Apple has made rule changes to its App Store guidelines, which could have a big impact on Microsoft and Google’s plans to offer streaming services. The rule changes appear more favorable to Microsoft xCloud and Google Stadia, but there still appear to be unresolved questions about how it will work.
Apple’s new guidelines explicitly say that streaming services are restricted. However, those games would need to be downloaded from the App Store individually. Apple will allow providers to have a “catalog” app that manages these downloads, but each game would have to be its own distinct listing.
That would appear to rule out the streaming services, as both xCloud and Stadia rely on a model in which you don’t download individual games at all. Instead, the games stream through the cloud, similar to watching a movie on Netflix–which Apple allows through its App Store, of course.
Allowing a catalog of games to download under one payment umbrella is more akin to Microsoft’s Game Pass subscription service. Microsoft recently announced that a Game Pass subscription will soon include xCloud access, but an all-you-can-eat download subscription and a streaming service are still two very different functionalities.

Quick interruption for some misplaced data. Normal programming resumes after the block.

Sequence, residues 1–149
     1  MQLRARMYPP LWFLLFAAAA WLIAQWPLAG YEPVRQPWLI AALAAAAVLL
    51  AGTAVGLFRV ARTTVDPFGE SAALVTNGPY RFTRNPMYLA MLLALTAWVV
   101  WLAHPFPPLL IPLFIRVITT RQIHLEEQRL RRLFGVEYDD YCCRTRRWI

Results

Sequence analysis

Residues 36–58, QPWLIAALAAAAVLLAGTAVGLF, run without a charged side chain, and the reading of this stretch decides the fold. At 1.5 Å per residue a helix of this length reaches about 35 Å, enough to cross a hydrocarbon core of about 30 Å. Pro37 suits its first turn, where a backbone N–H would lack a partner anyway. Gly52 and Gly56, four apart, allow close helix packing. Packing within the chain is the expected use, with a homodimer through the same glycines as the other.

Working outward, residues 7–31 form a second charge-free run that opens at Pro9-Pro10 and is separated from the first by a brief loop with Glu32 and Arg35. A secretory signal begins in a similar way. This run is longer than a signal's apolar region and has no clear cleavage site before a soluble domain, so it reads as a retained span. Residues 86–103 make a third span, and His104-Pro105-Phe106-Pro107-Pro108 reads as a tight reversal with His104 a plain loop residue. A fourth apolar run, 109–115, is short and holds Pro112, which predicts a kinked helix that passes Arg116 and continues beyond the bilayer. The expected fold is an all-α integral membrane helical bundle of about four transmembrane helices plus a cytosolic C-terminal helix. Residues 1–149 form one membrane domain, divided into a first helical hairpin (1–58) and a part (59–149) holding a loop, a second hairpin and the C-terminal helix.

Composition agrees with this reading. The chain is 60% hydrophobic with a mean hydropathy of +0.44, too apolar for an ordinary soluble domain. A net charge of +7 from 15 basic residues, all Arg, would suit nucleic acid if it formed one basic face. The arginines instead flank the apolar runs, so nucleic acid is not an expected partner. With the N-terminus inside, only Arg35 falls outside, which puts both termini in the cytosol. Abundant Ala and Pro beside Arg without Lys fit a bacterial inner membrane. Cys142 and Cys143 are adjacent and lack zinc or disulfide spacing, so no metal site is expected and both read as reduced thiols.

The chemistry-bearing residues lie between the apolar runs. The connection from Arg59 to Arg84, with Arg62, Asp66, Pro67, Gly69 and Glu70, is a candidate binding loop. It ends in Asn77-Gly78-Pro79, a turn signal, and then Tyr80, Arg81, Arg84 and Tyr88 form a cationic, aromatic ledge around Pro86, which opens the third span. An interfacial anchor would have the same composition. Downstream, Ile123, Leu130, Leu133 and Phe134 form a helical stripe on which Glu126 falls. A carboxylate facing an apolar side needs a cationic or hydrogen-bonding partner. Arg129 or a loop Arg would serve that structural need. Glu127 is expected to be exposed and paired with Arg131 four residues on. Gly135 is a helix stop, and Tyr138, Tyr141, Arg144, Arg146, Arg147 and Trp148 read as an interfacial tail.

In a Twitter thread, analyst Daniel Ahmad pointed out that Apple has clarified that companies can submit each individual game, including demos, and then have them available for streaming functionality. But this could be hundreds of games, and each would have to be evaluated individually. Plus, by submitting them this way, Apple would get its share of the profits from any in-game purchases.
Microsoft previously ended its iOS preview for xCloud, and explained it had no plans to bring the service to Apple’s devices. The company said it is “committed to finding a path to bring cloud gaming with Xbox Game Pass Ultimate to the iOS platform,” but that Apple’s policies were standing in the way. As of now, xCloud is only planned to release on Android devices.
Apple has its own game subscription service, Apple Arcade, which offers all-you-can-eat access to roughly 100 mobile games, many as timed exclusives.
GameSpot has reached out to Microsoft and Apple for comment.